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A friend said he put a K & M filter on his 2003 1800 when new and it is great. He said that he had to have the engine remapped. He says he gets 40-45 miles per gallon and the filter is re-useable.

This is in Houston Texas, nearly at sea level and in winter. My 1800 gets 32 to 38, 33 in the winter.

Few questions for the board:

Does anyone have a K&M on their 1800? Do you have to clean it more because its oil coated? That could be expensive on labor.

Does the increased air let the bike run leaner. I believe my bike runs rich based on the soot on the exhause since about 2500 miles.

Can an 1800 be remapped? I thought no one has the technology.

If you have the K&M, what are your thoughts.

Thanks in advance for the wisdom and helpfulnes of this board.

Best regards,
Mike
 

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I installed a K&N on mine and noticed no changes at all. notta, zilch, nothing. I believed before I purchased the K&N that the advertised performance gains were nothing more than hype intended to impress the impressionable. The reason I bought the K&N was for the extended change interval. Now I can change the filter every 30,000 miles instead of every 12,000 miles. Not only will this save me time but the chances of breaking a piece of expensive plastic is reduced. For that reason alone I feel it was money well spent.
 

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It has been stated on this board by the best, Stu O, that the K&N can screw with the throttle body causing problems. A couple of people have had trouble with idle surge and something else that was caused by the oil vapors from the K&N. Can't remember everything! :(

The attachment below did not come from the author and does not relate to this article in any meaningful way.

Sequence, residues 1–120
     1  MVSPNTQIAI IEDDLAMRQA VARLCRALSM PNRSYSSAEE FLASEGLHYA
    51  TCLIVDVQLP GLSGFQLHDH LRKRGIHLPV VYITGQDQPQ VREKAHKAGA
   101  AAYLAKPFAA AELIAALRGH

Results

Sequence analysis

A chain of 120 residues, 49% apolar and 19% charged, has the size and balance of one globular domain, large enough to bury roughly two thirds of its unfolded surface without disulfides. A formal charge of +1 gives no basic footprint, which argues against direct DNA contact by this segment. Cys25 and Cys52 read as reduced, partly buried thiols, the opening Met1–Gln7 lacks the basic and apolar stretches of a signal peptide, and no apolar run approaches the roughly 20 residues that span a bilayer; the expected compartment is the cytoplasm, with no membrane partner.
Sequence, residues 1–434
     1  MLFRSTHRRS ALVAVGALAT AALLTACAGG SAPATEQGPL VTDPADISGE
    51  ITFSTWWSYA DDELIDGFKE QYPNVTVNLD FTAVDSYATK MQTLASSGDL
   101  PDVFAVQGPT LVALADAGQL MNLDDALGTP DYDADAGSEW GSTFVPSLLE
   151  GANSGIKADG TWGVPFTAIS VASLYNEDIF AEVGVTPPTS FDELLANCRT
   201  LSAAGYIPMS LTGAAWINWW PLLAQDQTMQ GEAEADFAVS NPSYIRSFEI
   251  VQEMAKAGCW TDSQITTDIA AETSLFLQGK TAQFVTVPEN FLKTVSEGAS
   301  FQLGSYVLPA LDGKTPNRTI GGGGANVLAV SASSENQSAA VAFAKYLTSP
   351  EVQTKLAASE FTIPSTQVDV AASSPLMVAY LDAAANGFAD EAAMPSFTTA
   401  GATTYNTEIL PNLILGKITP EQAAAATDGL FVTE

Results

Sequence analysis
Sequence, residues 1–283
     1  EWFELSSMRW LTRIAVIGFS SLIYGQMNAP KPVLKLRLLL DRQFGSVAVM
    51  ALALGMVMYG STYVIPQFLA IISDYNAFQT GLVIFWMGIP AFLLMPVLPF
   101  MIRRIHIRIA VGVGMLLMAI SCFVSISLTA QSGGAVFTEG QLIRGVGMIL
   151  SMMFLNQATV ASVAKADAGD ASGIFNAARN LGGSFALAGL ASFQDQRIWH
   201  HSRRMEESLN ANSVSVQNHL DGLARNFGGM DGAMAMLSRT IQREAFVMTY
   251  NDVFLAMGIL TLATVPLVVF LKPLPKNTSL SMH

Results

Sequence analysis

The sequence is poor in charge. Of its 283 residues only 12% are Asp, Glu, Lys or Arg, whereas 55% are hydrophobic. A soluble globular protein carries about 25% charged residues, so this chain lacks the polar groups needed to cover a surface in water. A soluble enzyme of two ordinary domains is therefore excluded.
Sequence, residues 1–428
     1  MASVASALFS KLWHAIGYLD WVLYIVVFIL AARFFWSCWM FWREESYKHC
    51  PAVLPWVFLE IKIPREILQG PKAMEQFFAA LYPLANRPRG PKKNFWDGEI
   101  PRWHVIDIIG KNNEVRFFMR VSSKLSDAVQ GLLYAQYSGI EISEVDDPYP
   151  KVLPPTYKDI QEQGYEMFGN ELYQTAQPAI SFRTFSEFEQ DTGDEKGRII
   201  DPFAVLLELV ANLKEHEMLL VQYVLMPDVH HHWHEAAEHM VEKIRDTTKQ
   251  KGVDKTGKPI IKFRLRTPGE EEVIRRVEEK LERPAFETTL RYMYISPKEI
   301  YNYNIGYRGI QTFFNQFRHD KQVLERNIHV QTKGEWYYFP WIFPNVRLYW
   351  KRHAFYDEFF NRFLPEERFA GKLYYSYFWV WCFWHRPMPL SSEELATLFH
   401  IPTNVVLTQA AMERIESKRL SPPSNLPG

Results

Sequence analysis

Tell your friend that he didn't have his ECM remapped. If he thinks they did, someone filled him full of sheet.
 

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The K&M filters have been discontinued. They were replaced by the K&N! :D :D

No such thing as a K&M filter that I know of!
 

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Big Red. said:
Whats the difference between the K&M and K&N.? :beer2: :beer3: :coolit:


:luck: :rw1: :luck:
Just one letter.... :lol:
 

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Dewey, If the best mpg you can get is 33 and you're not going full throttle in every gear from a stop, then you have a common problem many of us have seen. Thought Honda would have adjusted by 2003 though.

You should be able to get the mpg that your friend with the K & N is getting---He ain't gettin' that from the air filter!

All our bikes have a sooty exhaust; if it is worse than average you should have your dealer look into a possible bad O2 sensor (or two). Just on the basis of the mpg you get. To wit: My '02 got 29- 30 mpg when new. after about 1500 miles of this, I persuaded the dealer to check it out. They found the right side O2 sensor bad and changed it. Been getting 38 to 45 mpg since, depending on winter/summer and my throttle hand.
Good luck.
 

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Red said:
It has been stated on this board by the best, Stu O, that the K&N can screw with the throttle body causing problems. A couple of people have had trouble with idle surge and something else that was caused by the oil vapors from the K&N. Can't remember everything! :(

Tell your friend that he didn't have his ECM remapped. If he thinks they did, someone filled him full of sheet.
I have 8000 miles on my K&N so far and have not experienced any of the troubles alledgedly caused by K&N filter oil vapors. This is just a guess but the person(s) that had these troubles probably over oiled the filter element when they cleaned it.